(Note: This post was originally published by me on my company Standing Partnership’s website)
I have a confession to make: I rarely buy anything without looking for online reviews first. This tendency isn’t just for big purchases such as cars or television sets; on many occasions, I’ve searched doctors or urgent care facilities, even though I’m still convinced at my age that I’m invincible. Here’s another confession: I know I’m not alone.
Last year, Demi & Cooper Advertising and DC Interactive Group conducted a study showing that more than 90% of people ages 18-24 said they would trust health information they found on social media channels. Further, it’s not just my generation that is using technology to find their doctors. The study found that one in two adults (spanning multiple generational boundaries) use their smartphone to look-up health information, and that 44% of people said they would share positive or negative experiences of a hospital or medical facility. Meanwhile, only a quarter of American hospitals have a social media presence. In other words, patients are becoming more tech-savvy than their doctors, and they’re talking about their healthcare providers in a space where there are very few medical professionals able to join in the conversation.
The medical field is shockingly behind other industries in adopting digital communications and reaching to their customers, but it’s not their entire fault. Part of the problem lies in the conundrum of balancing a public social media account while adhering to HIPPA regulations. This basically means that the tried-and-true tactics for other industries won’t always carry over, and that many medical professionals are reluctant to even embark on a social media campaign. Thankfully, there are other avenues for medical professionals to take.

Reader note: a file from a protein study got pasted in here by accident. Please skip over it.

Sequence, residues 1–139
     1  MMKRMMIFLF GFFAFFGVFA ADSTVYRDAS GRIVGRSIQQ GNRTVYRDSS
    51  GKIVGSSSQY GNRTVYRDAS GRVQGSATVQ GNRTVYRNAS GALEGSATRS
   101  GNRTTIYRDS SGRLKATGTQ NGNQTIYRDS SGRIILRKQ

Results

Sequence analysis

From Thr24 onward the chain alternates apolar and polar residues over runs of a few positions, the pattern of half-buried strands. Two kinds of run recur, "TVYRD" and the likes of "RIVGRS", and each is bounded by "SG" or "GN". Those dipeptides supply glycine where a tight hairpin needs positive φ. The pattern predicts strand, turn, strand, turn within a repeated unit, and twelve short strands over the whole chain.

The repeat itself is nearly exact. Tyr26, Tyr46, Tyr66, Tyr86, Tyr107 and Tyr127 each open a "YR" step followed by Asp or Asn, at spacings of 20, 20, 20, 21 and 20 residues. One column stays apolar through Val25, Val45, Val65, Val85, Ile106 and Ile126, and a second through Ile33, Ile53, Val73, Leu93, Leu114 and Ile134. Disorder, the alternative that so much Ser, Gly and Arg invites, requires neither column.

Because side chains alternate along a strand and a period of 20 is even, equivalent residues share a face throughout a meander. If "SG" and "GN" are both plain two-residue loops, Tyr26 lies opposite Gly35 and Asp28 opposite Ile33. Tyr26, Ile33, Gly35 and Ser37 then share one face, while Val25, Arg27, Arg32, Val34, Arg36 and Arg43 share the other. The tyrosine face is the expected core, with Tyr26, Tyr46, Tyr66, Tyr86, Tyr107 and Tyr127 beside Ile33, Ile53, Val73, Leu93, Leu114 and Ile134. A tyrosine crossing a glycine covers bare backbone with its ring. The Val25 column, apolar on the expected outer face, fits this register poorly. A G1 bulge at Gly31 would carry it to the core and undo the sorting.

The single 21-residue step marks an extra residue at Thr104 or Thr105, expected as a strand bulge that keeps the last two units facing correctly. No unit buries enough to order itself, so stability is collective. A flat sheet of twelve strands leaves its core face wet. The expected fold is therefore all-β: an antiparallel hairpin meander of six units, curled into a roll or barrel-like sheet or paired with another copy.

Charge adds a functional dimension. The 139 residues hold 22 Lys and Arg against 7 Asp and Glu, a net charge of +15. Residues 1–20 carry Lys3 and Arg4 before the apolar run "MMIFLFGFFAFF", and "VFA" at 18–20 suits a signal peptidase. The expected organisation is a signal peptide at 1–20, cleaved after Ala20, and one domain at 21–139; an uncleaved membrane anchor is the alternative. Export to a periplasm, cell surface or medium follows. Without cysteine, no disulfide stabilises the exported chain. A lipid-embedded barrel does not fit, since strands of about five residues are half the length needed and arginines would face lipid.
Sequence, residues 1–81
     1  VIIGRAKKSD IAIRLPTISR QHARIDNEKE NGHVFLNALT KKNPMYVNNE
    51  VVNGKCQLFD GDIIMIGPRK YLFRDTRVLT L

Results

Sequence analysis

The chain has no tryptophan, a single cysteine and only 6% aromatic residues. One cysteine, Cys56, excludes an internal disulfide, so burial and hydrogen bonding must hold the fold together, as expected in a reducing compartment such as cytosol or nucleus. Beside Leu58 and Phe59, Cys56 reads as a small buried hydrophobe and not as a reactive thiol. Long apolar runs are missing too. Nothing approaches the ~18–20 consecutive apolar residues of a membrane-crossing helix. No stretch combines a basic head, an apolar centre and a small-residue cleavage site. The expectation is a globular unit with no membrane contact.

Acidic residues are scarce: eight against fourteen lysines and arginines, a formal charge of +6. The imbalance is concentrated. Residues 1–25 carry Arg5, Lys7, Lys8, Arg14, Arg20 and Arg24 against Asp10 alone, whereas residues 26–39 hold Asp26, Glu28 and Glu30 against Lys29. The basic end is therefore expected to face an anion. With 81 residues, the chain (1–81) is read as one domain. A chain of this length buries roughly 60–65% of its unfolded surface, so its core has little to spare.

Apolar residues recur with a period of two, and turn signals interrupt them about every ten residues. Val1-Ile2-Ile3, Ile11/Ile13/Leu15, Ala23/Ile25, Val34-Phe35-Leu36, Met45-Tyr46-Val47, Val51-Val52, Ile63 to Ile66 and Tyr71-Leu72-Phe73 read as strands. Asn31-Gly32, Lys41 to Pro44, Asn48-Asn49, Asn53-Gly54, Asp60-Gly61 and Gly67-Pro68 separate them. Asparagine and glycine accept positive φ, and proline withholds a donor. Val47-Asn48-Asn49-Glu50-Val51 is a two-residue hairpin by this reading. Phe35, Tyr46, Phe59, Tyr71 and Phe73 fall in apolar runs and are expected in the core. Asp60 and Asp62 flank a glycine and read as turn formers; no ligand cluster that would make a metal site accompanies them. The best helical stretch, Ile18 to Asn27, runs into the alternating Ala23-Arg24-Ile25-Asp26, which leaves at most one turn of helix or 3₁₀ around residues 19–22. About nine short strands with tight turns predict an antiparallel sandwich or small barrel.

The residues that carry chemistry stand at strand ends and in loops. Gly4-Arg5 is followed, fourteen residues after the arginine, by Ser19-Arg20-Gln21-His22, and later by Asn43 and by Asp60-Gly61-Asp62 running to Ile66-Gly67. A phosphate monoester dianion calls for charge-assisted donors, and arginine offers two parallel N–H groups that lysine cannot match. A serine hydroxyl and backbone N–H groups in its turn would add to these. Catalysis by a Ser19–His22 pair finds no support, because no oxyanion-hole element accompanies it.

Before I started at Standing Partnership, I worked at a local optometrist office with their digital communications. We established an online space across major social networks, and reached out to patients regularly by posting content about new medical news and developments, conditions to be aware of (depending on the season), and even comedic pictures or games. A blog was created for the doctors to write their own posts about their experiences and general advice, allowing them to be their own best advocates to their patients. We collected patient e-mails (with permission and full disclosure, of course) and created newsletters with unique content that was distributed quarterly. It wasn’t long before we realized that the patients loved it. In the span of a year and a half, our numbers more than doubled on Facebook, and we started to see a growing group of new patients who were introduced to us in the online space. Best of all, we were active in the online space, representing ourselves. If someone left a negative review on a website or Twitter, we were able to reach out to them and attempt to correct the problem. If we hadn’t been online, these complaints would have gone unnoticed, causing us to lose the patient and scare off future potential patients.
Of course, this is just the tip of the iceberg with what’s possible, and it won’t work for everyone. However, it hopefully serves as inspiration to get the ball rolling. Hospitals, doctors, and other medical professionals need to be active in social media. Every day that passes is another missed opportunity, and as we all know, an injury left untreated only gets worse over time.